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Conspicuous Consumption II: Covid Edition

Time for a quick update on listening and viewing since part one.

My media landscape has been redrawn this month by working from home, where I haven’t had as many opportunities to listen to music on my own, but I’ve still been enjoying a few new things. First among these have been Michael Kiwanuka‘s three albums, especially his self-titled latest; I had finally caught up with his appearance on Adam Buxton’s podcast, not knowing who he was, and enjoyed what I heard. His albums are studded with instant classics and wrapped in a warm, retro sound with just enough hints of the now—highly recommended.

Apart from those, I spent the first weeks of March listening to Miss Anthropocene, which is now my second-favourite Grimes album and an early contender for best-of-2020 lists. During this last week of March I’ve been enjoying Pearl Jam’s newie Gigaton, although it tails off a bit in the second half. I’ve also given Tame Impala’s The Slow Rush a few spins, but it’s fair to say that my son’s a bigger fan than I am.

I haven’t seen many new movies this month, only old ones I was showing the kids, although while watching a DVD box-set of Austin Powers with my son I realised I’d never seen 2002’s Goldmember (’tis a silly thing, but so were the first two). Last night, though, I did catch the 2019 Irish comedy Extra Ordinary, which was very good; hints of Look Around You crossed with What We Do In the Shadows.

TV has been dominated by current affairs shows about coronavirus, but I’ve watched a few other things in recent weeks as well: the tail-end of the latest Doctor Who (ehh); some of the many episodes I’d missed of Inside No. 9 (series one was great, wasn’t it); making a start on the latest season of Better Call Saul, the BBC adaptation of Noughts + Crosses, and the new BBC sitcom Mister Winner (all very good); and rewatching all five seasons of Friday Night Dinner before the new one started last Friday.

Watching any of those is an odd experience in these lockdown times. A couple of weeks ago, when everything was kicking off, a Kia advert came on—the one where the dad is clueless about a new model, and his whole family slap their foreheads in disbelief, as you wouldn’t—and all I could think was “don’t touch your face!”. Now everything apart from the news feels like a time capsule of pre-Covid life, and I keep wondering what’s going to happen to the schedules as time wears on: to all the shows that would have been filming now that we won’t get to see later in the year. No second series of The Goes Wrong Show; no Olympics; no new series of Taskmaster.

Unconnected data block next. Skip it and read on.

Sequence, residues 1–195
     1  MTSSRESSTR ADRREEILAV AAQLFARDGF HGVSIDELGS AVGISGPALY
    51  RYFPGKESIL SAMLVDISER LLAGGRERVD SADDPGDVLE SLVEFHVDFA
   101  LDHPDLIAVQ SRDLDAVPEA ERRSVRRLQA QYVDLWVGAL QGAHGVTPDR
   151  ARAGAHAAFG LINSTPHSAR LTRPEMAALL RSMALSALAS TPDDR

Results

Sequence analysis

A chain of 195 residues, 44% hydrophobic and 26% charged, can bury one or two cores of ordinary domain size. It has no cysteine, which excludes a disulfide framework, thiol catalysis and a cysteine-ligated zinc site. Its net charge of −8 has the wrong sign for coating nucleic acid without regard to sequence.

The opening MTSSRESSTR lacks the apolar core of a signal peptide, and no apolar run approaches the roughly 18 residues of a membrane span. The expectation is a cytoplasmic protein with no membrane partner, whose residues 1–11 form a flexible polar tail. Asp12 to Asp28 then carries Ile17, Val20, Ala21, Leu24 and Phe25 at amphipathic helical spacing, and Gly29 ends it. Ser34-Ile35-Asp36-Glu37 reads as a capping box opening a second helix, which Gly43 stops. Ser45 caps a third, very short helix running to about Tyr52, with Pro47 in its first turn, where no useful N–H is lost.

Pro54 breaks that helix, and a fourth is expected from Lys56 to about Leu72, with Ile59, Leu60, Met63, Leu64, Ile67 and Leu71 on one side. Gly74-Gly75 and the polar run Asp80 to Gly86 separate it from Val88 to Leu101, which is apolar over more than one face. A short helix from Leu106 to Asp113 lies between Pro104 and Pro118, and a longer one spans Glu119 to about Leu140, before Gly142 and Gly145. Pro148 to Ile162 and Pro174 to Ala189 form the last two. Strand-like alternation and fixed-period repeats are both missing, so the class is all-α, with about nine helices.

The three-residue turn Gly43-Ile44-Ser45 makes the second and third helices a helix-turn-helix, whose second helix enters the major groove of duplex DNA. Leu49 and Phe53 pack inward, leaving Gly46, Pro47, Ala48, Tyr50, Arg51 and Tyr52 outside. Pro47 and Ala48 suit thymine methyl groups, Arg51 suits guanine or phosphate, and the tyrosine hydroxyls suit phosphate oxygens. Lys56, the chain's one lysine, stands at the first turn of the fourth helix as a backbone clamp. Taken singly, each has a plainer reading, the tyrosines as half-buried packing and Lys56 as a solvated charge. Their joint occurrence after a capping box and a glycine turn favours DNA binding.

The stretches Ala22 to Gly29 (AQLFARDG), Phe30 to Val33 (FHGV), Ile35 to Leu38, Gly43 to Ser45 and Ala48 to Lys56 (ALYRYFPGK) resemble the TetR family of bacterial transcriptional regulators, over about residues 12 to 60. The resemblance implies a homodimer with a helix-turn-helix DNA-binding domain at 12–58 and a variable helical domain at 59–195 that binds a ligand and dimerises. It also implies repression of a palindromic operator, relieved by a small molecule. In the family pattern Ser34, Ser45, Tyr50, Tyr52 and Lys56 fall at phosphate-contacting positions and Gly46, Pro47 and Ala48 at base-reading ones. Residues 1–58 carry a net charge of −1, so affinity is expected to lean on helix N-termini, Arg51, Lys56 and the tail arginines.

On the latter front, at least, Alex Horne has come up with an isolation-friendly substitute in the form of #hometasking, setting tasks every Monday, Wednesday and Friday for viewers to complete, with montages of winners and runners-up appearing on YouTube. We’ve got the kids doing them, or at least the first task last Monday and the fourth task yesterday, and Alex himself liked our latter entry on Twitter, so they’re well-pleased. Yet another reminder of what a different experience this lockdown would have been twenty or thirty years ago, before ubiquitous home technology and social media.

31 March 2020 · Film

One last movie to add for the month: last night I watched Steven Spielberg’s 2012 film Lincoln with my son, and enjoyed it, even though it’s a marathon seven score and ten minutes long. Tommy Lee Jones was especially good in a key role, and James Spader was enjoyable in a supporting one; we spotted an early Adam Driver appearance, too. Daniel Day Lewis was fine as Abe, but I kept thinking his voice was wrong, until realising that this could only be because my canonical Lincoln voice is the one from Bill and Ted’s Excellent Adventure, hardly an authoritative source (or is it?). The closing shot of Lincoln’s silhouetted stovepipe was a little too cheesy, but otherwise it was one of the better Spielbergs.

Added by Rory on 1 April 2020.